A top policy expert isn't buying reports of a private-sector retirement "crisis." In an article, Andrew Biggs not only rejected the gloom but offered a striking counter-narrative. He cited figures showing that 401(k) defined contribution accounts, while regularly maligned, are doing better by workers than the defined benefit plans they swept aside.
His numbers speak to the power of magic money: savings built up in large part by stock market investments, compounded by decades of tax-sheltered capital gains and dividends. The most fortunate retirees are having their cake and eating it too. They're taking annual distributions from their accounts, and having the withdrawals more than replaced by new magic money streaming in (full disclosure: the author is among the most fortunate).
Let's review some of the key figures, and see how 401(k)s and similar defined contribution accounts are making the golden years more golden for millions of retirees.
First, defined contribution plans cover a far greater proportion of workers. "Participation is higher in 401(k)s, with 61 percent of private sector workers participating according to a Social Security Administration analysis, versus a peak of 39 percent for defined benefit plans." The percentages underscore a truth commonly ignored by defined benefit advocates: the vast majority of non-government workers never had such plans, and likely never would.
Current retirement savings also far exceed the comparable figures for the years when only traditional pensions existed. Federal Reserve data show that total savings in employer-sponsored plans rose from 27 percent of gross domestic product (GDP) in 1947 to a peak of 57 percent in 1975. But, Biggs points out, "in the four decades since 401(k)s were introduced, total retirement savings nearly tripled to 157 percent of GDP."
Other yardsticks yield equally compelling results (thanks partly, of course, to magic money).
For example, a 2017 study by economists from the IRS and the Investment Company Institute put the income of the median retiree at 103 percent of what they were making prior to retirement, "far exceeding the 70 percent 'replacement rate' that most financial advisors recommend."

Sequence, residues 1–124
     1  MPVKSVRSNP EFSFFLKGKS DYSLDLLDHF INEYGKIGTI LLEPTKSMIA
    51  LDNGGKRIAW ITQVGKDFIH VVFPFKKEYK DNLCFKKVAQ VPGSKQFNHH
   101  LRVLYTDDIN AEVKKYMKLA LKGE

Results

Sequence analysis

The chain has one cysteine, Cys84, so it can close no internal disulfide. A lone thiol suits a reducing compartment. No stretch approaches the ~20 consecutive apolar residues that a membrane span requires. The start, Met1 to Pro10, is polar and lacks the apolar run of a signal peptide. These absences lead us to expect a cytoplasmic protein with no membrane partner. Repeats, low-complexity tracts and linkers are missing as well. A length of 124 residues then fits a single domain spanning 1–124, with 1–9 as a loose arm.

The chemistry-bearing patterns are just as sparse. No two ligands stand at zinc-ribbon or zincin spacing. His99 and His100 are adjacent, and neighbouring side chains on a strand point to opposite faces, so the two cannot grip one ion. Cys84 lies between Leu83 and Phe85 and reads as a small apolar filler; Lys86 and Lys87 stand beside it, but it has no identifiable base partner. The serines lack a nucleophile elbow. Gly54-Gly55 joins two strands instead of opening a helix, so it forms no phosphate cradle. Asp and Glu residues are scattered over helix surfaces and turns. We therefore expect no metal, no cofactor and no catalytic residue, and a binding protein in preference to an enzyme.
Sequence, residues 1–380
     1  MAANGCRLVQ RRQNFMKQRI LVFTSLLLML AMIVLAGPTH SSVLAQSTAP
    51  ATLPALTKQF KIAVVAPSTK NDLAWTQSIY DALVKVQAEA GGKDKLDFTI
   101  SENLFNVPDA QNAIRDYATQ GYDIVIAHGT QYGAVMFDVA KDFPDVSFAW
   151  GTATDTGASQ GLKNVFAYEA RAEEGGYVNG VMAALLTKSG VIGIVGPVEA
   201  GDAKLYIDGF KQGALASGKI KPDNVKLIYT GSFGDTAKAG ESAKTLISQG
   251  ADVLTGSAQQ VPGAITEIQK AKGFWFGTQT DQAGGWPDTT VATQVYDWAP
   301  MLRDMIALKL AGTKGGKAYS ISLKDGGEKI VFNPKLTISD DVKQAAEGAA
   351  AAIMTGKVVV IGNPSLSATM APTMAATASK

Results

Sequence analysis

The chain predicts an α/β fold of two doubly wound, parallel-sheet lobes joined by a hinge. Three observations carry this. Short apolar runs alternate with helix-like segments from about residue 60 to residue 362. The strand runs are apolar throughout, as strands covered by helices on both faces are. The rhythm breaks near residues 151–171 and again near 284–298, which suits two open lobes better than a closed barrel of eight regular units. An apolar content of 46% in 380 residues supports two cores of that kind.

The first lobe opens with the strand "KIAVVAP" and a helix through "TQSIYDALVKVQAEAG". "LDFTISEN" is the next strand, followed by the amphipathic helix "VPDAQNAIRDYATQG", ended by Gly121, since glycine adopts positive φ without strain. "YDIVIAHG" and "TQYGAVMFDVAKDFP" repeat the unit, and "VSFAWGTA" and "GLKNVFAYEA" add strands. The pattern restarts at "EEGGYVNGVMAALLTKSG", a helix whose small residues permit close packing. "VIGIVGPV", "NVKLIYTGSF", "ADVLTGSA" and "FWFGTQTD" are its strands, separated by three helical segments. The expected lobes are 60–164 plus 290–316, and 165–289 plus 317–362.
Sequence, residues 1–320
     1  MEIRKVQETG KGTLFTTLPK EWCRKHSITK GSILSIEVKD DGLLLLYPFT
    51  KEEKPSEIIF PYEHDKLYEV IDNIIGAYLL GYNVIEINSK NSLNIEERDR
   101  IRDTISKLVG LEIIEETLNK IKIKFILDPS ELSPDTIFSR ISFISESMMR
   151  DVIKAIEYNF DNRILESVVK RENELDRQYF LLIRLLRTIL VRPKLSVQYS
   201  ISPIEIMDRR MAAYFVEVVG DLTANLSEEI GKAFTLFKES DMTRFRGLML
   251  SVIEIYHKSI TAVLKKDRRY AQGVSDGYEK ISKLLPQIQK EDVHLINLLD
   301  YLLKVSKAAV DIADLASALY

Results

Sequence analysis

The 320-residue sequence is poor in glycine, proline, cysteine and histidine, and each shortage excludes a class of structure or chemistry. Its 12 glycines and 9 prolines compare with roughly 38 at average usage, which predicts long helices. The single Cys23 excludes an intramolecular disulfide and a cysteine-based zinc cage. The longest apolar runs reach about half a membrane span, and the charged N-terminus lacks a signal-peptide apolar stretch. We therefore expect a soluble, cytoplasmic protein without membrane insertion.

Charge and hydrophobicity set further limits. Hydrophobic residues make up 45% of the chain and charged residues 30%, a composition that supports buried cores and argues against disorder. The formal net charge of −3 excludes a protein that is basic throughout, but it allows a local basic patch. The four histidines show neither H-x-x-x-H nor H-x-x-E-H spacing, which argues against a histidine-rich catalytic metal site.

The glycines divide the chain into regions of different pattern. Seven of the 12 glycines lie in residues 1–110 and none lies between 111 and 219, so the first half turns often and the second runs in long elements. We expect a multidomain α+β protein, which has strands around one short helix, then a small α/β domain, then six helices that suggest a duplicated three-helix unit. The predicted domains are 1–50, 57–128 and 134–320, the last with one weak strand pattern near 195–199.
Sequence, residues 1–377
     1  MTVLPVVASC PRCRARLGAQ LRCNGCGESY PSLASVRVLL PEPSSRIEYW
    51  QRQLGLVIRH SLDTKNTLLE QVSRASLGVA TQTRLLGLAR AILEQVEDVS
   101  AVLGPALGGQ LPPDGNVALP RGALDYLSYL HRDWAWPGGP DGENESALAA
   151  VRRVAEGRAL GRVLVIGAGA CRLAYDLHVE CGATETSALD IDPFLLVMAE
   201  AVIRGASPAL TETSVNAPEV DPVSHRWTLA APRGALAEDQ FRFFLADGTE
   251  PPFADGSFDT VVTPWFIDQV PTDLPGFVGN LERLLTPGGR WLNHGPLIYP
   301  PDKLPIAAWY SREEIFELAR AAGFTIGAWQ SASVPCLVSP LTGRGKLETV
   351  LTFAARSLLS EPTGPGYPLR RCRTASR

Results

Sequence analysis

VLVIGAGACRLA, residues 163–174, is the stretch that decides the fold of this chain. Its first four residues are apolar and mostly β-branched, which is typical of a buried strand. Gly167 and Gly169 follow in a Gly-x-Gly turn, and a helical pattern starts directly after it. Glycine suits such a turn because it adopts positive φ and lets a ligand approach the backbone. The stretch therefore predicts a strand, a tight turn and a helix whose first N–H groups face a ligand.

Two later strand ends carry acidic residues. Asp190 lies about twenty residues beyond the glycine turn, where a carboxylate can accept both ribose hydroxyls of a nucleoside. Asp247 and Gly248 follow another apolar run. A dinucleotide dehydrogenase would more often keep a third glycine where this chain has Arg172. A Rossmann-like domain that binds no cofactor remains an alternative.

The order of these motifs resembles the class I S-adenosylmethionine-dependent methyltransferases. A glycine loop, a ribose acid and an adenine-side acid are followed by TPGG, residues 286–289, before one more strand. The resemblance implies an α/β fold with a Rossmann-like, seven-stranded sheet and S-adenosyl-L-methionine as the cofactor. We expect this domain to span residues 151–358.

Workers appear to be getting a better deal even without any magic. Vesting periods are shorter, and company contributions have soared; according to the Labor Department, employer deposits to private-sector plans "more than tripled as a percentage of salaries since 1975."
With so many signs flashing positives, why all the negatives for 401(k)s? Why are they disparaged as a backward step?
There's good reason. Defined contribution plans effectively lift the pension burden from employers and put it on employees instead. They offer little to no security. The stock market, where most 401(k) money heads, is notoriously volatile. Inevitably, unnervingly, Wall Street hits stretches when the averages slide deep into the red.
But there's an inverse inevitability as well, and it gets little mention: the inevitability of market recoveries, often speedy recoveries.
MarketWatch analyzed selloffs and recoveries from 2010 to September 2015. The declines averaged 26 trading days to bottom out, an equal 26 days to recover; the median did even better, recovering from a 19-day drop in just 15 days. Wealthfront looked at down markets from 1965-2014; over those fifty years, all the declines of less than 10 percent "bounced almost instantly."
Uber-crashes are inevitable too. In the latest, from June 2008 to March 2009, the financial crisis took all three major indices to 12-year lows. Then began the recovery: the S&P 500 finished 2009 up 64.83 percent from its low, the NASDAQ up 78.87 percent, the Dow-Jones 59.28 percent. As it happens, the rebound was also the start of what's become the second-longest bull market in the last 85 years.
There are two morals to this retirement story. First, based on the record, defined contribution accounts deserve more cheers than jeers. Second, magic money really is working magic, enriching both current and future retirees.
Over the long run it'll do lots more enriching. It's almost, well, inevitable.
(Article changed on August 12, 2017 at 21:25)